Looking at it another way: 25% of Americans will drive a long distance for the holiday making it likely there will be many traffic jams, lines at toll plazas and rest stops filled to capacity.

Gas prices have fallen lately and will be close to last year’s Holiday period prices of about $3.23 per gallon. Since September, the price of a gallon of gasoline has dropped approximately 50 cents.

One analyst said that the holidays at the end of the year remain the least affected, as prices of gasoline or airline tickets will not stop people from returning home to see friends and family during the holiday season.

The forecast for the number of people traveling was based on interviews that AAA have with more than 650 people in the U.S. and by using data that shows how the overall health of the U.S. economy is.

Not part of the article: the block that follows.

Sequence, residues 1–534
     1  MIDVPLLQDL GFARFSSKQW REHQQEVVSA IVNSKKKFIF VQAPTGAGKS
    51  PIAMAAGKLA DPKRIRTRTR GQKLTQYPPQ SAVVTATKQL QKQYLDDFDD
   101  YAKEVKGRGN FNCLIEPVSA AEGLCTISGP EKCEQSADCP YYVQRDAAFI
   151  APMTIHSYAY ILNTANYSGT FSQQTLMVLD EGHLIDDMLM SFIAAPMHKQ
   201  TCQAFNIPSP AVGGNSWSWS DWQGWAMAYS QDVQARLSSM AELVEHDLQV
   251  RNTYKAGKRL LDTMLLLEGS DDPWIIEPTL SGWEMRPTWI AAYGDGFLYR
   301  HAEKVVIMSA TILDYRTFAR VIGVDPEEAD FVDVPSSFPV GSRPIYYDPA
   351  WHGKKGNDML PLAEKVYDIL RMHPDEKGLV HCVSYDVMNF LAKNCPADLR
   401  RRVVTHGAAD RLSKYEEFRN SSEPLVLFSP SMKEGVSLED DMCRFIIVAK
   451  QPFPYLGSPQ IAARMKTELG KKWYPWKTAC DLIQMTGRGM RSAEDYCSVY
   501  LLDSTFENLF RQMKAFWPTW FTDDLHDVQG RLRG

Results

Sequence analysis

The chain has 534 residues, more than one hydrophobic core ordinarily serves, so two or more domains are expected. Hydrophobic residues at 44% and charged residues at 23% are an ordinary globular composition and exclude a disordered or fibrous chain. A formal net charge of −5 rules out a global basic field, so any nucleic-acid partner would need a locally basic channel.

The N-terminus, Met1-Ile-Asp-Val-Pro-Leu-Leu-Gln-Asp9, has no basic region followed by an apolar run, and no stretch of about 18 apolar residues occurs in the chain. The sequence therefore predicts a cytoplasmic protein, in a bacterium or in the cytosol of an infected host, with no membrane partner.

Close to one million more people, this holiday season will drive as opposed to last year, but fewer will be traveling via air. A trade group for the airline industry, Airlines for America, estimates that approximately 15 million people are set to fly between mid December and the end of the first week of January.

Amsterdam will not enforce ban on tourists visiting Coffee Shops Amsterdam will not enforce ban on tourists visiting Coffee Shops

December 14, 2012 - Next month a national ban will take effect, which makes it against the law for tourists or other foreigners from purchasing cannabis at the world renowned coffee shops in the city. The ban will remain in effect, but the police in Amsterdam will ignore the tourists buying the drug. This was announced by the mayor of Amsterdam on Thursday.